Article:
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Qualcomm: Give spectrum to LTE

Governments should reallocate finite spectrum from WiMax to competing cellular broadband because that's where demand is, executive urges.
Written by Victoria Ho, Contributor

With increasing user demand for mobile broadband bandwidth, governments should start reallocating spectrum from WiMax toward rival technology, 3G cellular broadband, said a Qualcomm executive.

John Stefanac, the company's Asia-Pacific president, said in a phone interview Tuesday that the growth of 3G will take the current base of 950 million subscribers globally to 2.7 billion by end-2014.

In contrast, WiMax has 4 million subscribers, making it still a niche technology and difficult to justify spectrum for it. Governments should instead focus on boosting 3G bandwidth through reallocation, Stefanac told ZDNet Asia.

Being a finite source, Spectrum should be used efficiently and be freed up to answer increasing user demand, he said.

The Singapore government earlier this month said in a consultation paper it is considering auctioning off additional 3G spectrum to boost cellular bandwidth. 3G subscribers account for close to half of the country's 6.9 million mobile users, it said.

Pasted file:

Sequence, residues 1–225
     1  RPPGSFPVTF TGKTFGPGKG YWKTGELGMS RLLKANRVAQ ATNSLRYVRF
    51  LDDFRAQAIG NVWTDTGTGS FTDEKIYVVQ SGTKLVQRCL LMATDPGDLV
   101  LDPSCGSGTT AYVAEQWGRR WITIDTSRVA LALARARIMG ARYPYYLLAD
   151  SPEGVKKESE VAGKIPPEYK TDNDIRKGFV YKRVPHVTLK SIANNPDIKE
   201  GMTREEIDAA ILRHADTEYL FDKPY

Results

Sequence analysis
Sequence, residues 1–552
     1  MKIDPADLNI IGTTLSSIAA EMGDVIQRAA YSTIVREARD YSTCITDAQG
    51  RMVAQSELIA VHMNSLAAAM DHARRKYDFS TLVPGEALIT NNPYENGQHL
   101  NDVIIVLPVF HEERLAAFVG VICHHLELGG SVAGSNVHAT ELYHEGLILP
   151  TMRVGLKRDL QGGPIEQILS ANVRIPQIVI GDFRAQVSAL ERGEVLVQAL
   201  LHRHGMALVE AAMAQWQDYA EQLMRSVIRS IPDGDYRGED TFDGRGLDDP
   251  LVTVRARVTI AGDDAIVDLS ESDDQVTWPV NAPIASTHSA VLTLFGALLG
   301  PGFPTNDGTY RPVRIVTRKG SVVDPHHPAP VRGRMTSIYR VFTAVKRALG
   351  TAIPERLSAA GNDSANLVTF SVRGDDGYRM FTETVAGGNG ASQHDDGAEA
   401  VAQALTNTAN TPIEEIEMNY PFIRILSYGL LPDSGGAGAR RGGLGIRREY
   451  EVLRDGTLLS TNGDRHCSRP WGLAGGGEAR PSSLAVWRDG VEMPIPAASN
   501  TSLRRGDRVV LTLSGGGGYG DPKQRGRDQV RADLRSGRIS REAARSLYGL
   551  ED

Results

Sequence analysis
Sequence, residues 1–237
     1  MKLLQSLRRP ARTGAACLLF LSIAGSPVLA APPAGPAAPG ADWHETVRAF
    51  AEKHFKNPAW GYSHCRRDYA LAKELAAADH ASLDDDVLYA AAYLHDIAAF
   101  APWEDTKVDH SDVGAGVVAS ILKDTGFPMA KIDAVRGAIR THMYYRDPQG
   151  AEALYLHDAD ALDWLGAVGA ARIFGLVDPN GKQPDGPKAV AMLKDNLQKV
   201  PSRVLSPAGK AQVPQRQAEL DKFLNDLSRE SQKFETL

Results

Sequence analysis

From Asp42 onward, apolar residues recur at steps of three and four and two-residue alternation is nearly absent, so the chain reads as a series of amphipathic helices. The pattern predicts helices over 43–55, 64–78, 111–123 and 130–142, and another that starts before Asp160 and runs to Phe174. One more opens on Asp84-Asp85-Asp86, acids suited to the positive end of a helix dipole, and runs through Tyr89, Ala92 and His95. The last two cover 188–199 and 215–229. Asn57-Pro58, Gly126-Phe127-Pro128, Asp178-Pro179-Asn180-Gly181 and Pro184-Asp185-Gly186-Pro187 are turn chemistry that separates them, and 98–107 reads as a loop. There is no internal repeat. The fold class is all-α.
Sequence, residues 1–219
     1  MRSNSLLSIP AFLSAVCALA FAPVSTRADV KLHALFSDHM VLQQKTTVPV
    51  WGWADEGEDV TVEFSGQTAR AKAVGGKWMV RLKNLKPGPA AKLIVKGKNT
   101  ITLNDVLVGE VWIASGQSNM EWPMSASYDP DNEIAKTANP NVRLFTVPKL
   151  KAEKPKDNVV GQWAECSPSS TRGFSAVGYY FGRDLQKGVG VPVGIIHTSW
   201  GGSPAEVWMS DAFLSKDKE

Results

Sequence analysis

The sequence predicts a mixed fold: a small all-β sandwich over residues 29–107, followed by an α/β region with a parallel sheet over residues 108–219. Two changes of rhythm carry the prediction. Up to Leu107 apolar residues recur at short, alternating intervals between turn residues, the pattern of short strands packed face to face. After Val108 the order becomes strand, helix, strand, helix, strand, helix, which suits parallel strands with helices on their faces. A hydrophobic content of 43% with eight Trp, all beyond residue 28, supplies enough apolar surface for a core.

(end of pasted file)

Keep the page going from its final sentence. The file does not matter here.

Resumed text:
Singapore is looking to auction unused spectrum within the 1.9 to 2.1Ghz range that is not being deployed by any other transmission technology.

In India, the 2.3Ghz spectrum currently used for WiMax is being contested by TD-LTE (Time-Division Long Term Evolution) backers, which include Qualcomm.

The wireless equipment maker has for the past years spoken out against the WiMax movement, where Qualcomm's CEO in 2006 declared the wireless technology dead.

Stefanac cited other industry players, such as Ericsson and Nokia Siemens Networks, which have since withdrawn from the WiMax space and are now throwing their weight behind 3G.

Ericsson pulled the plug on its WiMax development in 2007, while Nokia Siemens Networks announced it would move a portion of its WiMax research and development resources to LTE, though the company noted it was not calling it quits with WiMax yet.

WiMax had the first-mover advantage over LTE as it was available early to operators looking to deploy 4G networks.

But WiMax holds little draw for existing telcos that are already invested in cellular broadband, Stefanac said.

He added that the operating cost of a WiMax network is 30 percent higher compared to a 3G infrastructure because it requires more sites.

WiMax operates at a higher frequency band that relies on more base stations to boost the signal, which stretches a shorter distance as the frequency goes higher.

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